There will be some commentators and political talking heads who will go off the deep end and erroneously relate that this move by Senate Majority Leader Harry Reid was unconstitutional and that the Constitution enumerates the right and procedures known as the filibuster and cloture vote. They are mistaken at best and intentionally misleading at worst. The truth is that the Constitution says absolutely nothing about either process by name. Under the Constitution the original Senate had absolutely no limit on the length of the debate thus allowing every Senator and thus every State to have ample time to discuss and debate the merits of legislation and even return home to get their marching orders from the State Legislatures which chose the Senators. The Senate under Article I, Section 5, Clause 3 was empowered to write its own rules concerning debate and the procedures which govern the same. The Senate adopted its first anti-filibuster rule in 1917 calling such a procedure cloture. Traditionally the cloture vote has taken some form of supermajority in order to shut down debate. The rules of the Senate, according to the writings of the Founders, was to be a more deliberative body which fully debated legislation thus allowing the Senate to reject any legislations which was passed under emotional or other reaction to momentary events and to represent the individual States within the Federal Government such that the States would be protected from the rapacious appetite for power and dominion by any Congress or President. It is interesting that the initial limitation to debate came in 1917, four years after the ratification of one of the most destructive laws to ever make its way onto the books, let alone the Constitution, the Amendment XVII which forever changed the Congress and permitted the unrestrained expansion of the powers, reach, and oppressive abilities of the Federal Government. Under this amendment the States no longer appointed their own Senators in any manner they saw fit, be it appointed by the Governor, appointed by the Governor and ratified by some branch of the State Legislature, appointed directly by the State Legislature or even directly elected by the people which any State could have enacted as their method had they so chosen. This was a direct assault on the rights of the States and took place under a wave of humanist excitement where it was believed that the people, if allowed to voice their combined will, would reach a more reasoned and duly proper decision than any that could be reached by the corrupt and despicable State Governances. The members of the Federal Government even back then looked upon the State Governments, from which many of them had originally served, with contempt and disdain. They saw them as incapable of reasoned thought or honest debate. Looking at the Congress of today one might come to the conclusion that a monarchy might be preferable, but surely I jest. It is likely certain that had the Senate remained as intended a product of the individual State Governments deciding their selection process that the vast majority of States would have decided to allow for the direct election of their Senators in the Federal Government anyways, so there is probably little difference today that if the Amendment XVII were never passed or ratified. One note on history, both the Amendment XVII and the Amendment XVI, which enacted the income tax, have both had claims made that they were not truly ratified by the necessary States within the time limited by the Constitution and are therefore not enforceable. Thus far nobody has won a court case challenging either Amendment. Given my personal choice, I would prefer ridding the United States of the Amendment XVII as returning a greater amount of limiting force by the individual States would do more to limit and turn back the growth of the Federal Government than anything else I have ever heard promoted. The one item that would cease to exist immediately would be the imposition of unfunded mandates on the individual States by Federal legislation as that has become a nasty and not all that uncommon way that the Federal Government passes legislation while forcing the States to finance the implementation and continue maintenance of the legislation and not burdening the Federal budget with such costs. Imagine a Federal Government which was forced to pay for every consequence of their legislative agendas. They would soon go on a legislative diet which the press would label gridlock and the Representatives and Senators would label sticker shock from seeing the financial consequences of all of their actions and being unable to pass the costs off on the States. That was an imagine that Mr. John Lennon missed in his song, but being British I guess he should be forgiven.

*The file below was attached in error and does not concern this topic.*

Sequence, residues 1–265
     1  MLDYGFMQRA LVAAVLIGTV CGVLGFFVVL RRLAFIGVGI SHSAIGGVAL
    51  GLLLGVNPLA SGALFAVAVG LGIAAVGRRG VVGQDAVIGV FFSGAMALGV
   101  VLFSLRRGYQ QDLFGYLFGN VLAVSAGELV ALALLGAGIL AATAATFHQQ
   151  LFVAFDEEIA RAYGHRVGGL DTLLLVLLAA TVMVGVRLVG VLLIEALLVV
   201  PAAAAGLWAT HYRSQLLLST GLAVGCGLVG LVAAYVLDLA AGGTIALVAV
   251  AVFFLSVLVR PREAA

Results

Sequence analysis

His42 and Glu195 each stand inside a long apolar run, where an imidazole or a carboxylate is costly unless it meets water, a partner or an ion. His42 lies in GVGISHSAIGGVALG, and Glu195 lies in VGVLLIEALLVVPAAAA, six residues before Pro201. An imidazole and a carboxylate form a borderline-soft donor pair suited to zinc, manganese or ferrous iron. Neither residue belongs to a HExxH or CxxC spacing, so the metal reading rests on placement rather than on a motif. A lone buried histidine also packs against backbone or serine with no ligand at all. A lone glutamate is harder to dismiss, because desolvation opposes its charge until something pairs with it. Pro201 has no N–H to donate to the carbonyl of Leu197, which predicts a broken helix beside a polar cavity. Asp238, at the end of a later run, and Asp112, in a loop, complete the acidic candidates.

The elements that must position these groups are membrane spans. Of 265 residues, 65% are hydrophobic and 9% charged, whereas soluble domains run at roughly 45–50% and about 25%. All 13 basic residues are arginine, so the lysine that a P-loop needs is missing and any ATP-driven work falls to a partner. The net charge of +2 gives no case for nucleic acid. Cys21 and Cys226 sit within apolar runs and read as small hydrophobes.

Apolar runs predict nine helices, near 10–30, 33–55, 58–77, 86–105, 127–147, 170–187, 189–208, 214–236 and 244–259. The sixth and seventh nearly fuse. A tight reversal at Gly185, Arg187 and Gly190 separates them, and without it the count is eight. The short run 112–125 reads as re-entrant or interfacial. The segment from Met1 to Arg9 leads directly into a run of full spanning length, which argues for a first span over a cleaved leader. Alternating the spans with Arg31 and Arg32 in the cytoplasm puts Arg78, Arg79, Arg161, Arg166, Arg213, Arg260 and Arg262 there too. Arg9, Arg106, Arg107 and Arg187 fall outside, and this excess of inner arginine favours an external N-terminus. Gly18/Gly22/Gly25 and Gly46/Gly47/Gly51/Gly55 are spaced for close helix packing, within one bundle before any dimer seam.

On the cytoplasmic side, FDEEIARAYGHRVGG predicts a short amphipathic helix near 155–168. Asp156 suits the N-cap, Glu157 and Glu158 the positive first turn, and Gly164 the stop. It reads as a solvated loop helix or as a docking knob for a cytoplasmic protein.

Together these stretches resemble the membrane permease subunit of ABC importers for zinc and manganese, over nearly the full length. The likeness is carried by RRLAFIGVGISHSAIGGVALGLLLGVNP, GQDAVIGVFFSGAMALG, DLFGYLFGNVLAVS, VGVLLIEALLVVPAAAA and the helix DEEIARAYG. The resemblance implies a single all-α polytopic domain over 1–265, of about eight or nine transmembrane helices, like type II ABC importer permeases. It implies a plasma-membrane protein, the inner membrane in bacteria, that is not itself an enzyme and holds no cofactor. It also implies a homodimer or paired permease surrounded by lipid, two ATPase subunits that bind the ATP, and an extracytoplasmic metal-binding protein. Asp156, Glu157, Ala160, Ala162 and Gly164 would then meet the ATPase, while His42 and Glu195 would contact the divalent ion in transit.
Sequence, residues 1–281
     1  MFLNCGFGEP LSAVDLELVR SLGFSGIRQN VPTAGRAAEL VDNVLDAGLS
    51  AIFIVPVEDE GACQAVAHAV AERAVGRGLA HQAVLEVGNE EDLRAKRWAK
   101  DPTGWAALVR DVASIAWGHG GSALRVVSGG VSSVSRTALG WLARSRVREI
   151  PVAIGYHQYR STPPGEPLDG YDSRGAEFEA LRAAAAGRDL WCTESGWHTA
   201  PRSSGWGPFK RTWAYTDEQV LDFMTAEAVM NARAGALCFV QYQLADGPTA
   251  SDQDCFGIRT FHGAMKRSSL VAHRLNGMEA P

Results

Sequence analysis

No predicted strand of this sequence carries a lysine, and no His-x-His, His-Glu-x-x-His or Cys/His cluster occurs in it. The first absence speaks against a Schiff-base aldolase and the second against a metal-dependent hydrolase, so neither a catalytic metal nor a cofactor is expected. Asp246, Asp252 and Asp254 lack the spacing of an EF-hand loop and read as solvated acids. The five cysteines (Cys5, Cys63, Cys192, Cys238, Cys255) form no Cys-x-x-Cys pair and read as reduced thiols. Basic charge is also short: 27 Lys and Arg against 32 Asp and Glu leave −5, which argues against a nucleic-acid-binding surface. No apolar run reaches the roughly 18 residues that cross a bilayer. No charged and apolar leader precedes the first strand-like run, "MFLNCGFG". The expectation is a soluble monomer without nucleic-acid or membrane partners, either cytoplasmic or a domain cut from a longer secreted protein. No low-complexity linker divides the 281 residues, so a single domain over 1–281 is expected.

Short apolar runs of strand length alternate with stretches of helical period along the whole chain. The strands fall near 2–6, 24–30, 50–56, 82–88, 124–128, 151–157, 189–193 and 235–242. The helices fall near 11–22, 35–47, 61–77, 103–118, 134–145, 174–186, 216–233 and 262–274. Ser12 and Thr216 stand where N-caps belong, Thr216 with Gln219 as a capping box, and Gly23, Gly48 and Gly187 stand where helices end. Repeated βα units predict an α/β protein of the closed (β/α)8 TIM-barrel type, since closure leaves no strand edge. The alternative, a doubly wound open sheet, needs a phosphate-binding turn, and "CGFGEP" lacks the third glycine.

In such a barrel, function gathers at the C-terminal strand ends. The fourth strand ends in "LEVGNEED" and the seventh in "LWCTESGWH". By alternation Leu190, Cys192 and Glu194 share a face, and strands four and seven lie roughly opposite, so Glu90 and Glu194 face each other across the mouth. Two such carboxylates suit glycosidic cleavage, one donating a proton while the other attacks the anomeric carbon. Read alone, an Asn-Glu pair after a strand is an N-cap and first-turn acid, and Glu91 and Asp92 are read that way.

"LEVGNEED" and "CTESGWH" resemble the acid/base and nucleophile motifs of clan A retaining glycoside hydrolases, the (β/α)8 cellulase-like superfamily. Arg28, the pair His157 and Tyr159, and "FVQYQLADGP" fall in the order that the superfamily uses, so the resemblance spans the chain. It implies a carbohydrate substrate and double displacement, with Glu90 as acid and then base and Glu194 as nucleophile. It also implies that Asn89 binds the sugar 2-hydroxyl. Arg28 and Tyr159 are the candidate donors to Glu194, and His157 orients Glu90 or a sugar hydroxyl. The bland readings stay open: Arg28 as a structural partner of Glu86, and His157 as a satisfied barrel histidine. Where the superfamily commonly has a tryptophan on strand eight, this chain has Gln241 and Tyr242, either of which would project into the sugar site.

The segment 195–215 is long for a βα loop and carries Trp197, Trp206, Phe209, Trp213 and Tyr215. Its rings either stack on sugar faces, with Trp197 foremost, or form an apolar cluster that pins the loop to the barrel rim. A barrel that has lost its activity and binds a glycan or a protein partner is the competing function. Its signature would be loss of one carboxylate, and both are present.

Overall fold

Beyond the Cusp

 

Create a free website or blog at WordPress.com.